To Him be the glory

by Charles Jones

Since the year 2004 there has been a show on British Television called "The X Factor", and last weekend it was back on our screens. In 2008 the series was the most popular of all programmes shown on the various channels available with a quarter of the British population having watched it. That being the case, no doubt some of you will be familiar with the show. If not, let me summarise for you what it's all about.

"The X Factor" is a singing talent series which leads to the winner being awarded a one million pound recording contract. Also, as the winner is chosen less than a fortnight before Christmas, the CD that is released immediately after the show inevitably jumps to the top of the charts in the period leading up to Christmas. This arrangement is a winning formula for the show's inventor, Simon Cowell, who owns all the rights to it worldwide, and also makes the winner of each series potentially very rich as the one million pound contract gives them an excellent launch to their singing career.

Although the winner is not chosen until shortly before Christmas, the journey to the final show extends over a period of nearly nine months and follows the following format: At the end of the final show before Christmas, the show's presenter invites viewers who would like to participate in the following year's show to apply for an audition. These auditions are held by the show's producers commencing in April of the following year, and their job is to reduce the numbers that will appear before the show's four judges in June and July.

The numbers that appear before the four judges have to be reduced to a more reasonable and manageable figure, as last year 182,000 people applied to be heard at the preliminary stage. However, the number of contestants that go on to the second stage, and are given an audition by the four judges, is still well in excess of one thousand, and, over a two-month period, the judges will further reduce the figure to 150.

Then, in September, after further auditions, the 150 figure is finally reduced to 12. The 12 are made up of four categories with three acts in each category. At this stage each judge becomes a mentor to one of the categories, and their task is to help those under their tutelage to develop their skills and potential, with the aim that one of the three allocated to them will become the winner of the show.

When the four judges have selected the twelve the competition is shown live on television, commencing in October, and at this stage the viewers are asked to vote for their favourite act. Over a nine-week period nine acts are voted off, so that come the final show only three are left, and only one, of course, will be crowned the winner.

In 2008 the winner was a twenty-year-old girl named Alexandra Burke who received over 4 million votes. Before Alexandra Burke sang her final song and before the results were known, her father, David Burke, said that he wished her well, that she deserved to win, and that he was very proud of her.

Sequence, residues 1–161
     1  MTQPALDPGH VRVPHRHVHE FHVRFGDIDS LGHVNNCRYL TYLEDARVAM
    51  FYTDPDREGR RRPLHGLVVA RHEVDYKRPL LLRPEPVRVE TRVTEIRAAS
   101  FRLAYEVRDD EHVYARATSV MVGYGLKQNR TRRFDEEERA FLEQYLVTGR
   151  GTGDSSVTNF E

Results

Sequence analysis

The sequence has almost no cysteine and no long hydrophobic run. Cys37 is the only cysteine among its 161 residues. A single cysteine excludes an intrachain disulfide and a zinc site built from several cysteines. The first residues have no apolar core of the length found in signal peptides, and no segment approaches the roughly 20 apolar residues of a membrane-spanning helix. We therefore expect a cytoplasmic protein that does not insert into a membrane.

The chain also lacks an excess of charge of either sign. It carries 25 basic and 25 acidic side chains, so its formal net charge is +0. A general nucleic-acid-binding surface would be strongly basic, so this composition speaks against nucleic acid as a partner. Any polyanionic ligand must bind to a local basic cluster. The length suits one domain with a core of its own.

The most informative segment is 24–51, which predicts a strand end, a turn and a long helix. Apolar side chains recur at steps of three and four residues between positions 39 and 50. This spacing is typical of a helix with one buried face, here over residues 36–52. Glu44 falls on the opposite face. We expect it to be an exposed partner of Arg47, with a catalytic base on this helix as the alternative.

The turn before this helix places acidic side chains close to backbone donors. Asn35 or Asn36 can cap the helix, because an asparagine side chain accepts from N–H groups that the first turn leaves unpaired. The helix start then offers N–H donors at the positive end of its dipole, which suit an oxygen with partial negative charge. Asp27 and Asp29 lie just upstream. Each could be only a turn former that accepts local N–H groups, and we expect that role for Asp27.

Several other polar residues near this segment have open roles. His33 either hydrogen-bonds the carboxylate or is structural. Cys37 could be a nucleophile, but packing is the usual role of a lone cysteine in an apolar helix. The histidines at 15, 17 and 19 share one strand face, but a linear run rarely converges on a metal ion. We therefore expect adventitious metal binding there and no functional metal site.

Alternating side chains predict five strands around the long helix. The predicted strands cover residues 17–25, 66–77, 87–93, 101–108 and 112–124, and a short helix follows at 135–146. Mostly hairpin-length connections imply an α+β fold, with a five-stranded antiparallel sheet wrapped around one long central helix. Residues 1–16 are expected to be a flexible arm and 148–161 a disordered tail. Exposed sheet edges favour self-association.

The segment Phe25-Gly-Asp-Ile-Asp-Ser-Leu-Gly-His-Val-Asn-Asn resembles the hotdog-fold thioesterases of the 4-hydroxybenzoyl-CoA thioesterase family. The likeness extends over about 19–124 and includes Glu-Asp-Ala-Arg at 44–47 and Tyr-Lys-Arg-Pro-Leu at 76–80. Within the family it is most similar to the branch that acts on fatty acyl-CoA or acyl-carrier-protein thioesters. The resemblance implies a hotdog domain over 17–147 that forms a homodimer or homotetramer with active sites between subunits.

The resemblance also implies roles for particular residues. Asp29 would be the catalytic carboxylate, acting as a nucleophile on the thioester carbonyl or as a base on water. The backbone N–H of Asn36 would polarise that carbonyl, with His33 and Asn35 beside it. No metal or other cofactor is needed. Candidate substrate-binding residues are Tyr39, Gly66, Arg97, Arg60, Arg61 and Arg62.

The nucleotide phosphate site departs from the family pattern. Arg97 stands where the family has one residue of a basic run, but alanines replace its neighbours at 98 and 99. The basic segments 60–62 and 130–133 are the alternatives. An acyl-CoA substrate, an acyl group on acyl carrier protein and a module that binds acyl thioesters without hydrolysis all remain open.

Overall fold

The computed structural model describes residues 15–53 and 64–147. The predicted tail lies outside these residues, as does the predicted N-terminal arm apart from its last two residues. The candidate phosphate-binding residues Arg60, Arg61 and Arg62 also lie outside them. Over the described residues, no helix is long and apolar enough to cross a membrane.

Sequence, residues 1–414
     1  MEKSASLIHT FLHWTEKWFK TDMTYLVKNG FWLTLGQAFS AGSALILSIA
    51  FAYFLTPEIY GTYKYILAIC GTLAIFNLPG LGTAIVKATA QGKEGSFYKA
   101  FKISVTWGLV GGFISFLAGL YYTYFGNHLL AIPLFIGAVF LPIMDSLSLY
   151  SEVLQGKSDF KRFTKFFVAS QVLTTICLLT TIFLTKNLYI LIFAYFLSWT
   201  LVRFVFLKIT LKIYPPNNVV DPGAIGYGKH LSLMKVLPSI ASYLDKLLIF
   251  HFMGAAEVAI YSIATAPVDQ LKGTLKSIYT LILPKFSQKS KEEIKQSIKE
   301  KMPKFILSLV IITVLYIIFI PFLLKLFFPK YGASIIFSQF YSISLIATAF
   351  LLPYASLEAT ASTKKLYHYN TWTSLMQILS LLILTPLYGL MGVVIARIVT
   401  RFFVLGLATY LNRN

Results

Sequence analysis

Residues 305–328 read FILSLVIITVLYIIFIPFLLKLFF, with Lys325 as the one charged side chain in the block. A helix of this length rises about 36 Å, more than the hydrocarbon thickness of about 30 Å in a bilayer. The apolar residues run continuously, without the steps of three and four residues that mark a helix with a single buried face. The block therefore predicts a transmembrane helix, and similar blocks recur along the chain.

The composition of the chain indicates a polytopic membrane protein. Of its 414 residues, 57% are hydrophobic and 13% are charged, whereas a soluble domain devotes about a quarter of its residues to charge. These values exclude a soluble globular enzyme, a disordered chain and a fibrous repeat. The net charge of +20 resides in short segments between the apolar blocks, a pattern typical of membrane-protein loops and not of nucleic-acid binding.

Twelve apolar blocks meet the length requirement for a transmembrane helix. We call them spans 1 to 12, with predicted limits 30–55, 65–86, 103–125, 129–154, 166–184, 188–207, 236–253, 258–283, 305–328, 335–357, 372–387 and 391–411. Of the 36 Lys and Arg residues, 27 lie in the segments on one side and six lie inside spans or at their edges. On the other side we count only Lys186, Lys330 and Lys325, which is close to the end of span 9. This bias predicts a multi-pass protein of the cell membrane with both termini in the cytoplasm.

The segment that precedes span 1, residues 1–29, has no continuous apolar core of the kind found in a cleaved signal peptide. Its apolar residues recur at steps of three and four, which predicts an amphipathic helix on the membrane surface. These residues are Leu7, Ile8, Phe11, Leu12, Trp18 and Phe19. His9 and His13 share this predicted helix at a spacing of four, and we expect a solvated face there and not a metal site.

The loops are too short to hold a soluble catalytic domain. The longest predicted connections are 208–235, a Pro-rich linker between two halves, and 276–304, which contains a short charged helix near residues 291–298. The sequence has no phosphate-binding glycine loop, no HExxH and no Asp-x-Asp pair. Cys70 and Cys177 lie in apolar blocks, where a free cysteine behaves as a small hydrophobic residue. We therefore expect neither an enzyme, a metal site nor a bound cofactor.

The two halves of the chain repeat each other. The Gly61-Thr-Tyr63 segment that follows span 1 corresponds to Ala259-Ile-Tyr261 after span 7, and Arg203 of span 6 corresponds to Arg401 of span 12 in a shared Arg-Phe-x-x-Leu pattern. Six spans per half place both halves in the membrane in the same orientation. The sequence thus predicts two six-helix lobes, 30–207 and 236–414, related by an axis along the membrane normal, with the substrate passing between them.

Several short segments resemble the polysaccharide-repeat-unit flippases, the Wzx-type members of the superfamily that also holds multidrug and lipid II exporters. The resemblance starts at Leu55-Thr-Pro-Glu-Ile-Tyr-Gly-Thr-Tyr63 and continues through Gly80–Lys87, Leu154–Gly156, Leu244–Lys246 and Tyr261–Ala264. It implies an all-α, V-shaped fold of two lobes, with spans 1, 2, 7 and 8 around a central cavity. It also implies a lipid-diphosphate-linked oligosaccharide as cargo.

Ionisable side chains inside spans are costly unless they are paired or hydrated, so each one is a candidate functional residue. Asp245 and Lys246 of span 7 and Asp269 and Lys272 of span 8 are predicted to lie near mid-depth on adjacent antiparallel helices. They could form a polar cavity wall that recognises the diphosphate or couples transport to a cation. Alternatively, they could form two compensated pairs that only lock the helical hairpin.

Well, she did win with a song chosen for her, the same song that would be recorded for the one million pound contract, a song written, composed and first sung in 1984 by Leonard Cohen.

Since 1984 the song has been recorded more than 170 times. However, it is Alexandra Burkes' version that has been the most successful in terms of sales in recent years, and, as expected, it topped the charts over the Christmas period last year, with another version of the same song by the late Jeff Buckley coming second to it.

Therefore, last Christmas the same song took both the first and second positions in the charts, something that last occurred exactly fifty years before in 1958. The title of the song was "Hallelujah".

All of this happened as a result of an announcement that went out before Christmas 2007 by Dermot O'Leary, the presenter of The X Factor show, saying that there was good news awaiting someone in 2008, the only thing that person had to do, whoever he or she was, was to start the ball rolling by applying for an audition.

Well, some two thousand years ago another announcement went out around the Christmas period, or to be more exact on the night of the nativity of Jesus Christ. This announcement spoke of good news, not just for one individual this time, but for all the people, and this included the 180,000 people who it is estimated lived in the Roman province of Judea at this time according to some historians (they don't all agree), a number which matches nearly exactly the number that responded to Dermot O'Leary's invitation prior to Christmas 2007. The announcement given by the messenger was this:

"Fear not, for lo ! I am bringing you an evangel of great joy which will be for the entire people, for today was brought forth to you a Saviour, Who is Christ, the Lord, in the city of David. And this is the sign to you : you will be finding a Babe, swaddled and lying in a manger" (Luke 2:12).
"And," the scriptures continues, "suddenly with the messenger there came to be a multitude of the heavenly host, praising God and saying, 'Glory to God among the highest! And on earth peace, Among men, delight' " (2:14).

The 180,000 plus which responded to Dermot O'Leary's announcement were initially full of excitement, anticipation and hope. However, ultimately, all their hopes were to be dashed and there would be many tears of sorrow, except by one. What a contrast to what will be the outcome of the announcement given by God's messenger, for not only will every one of the 180,000 people living in Judea at the time be in receipt, one day, of something far more precious than one million pounds, but as A.E.Knoch says in his Commentary on these verses, the extent of the great joy is to be far reaching. These are his words: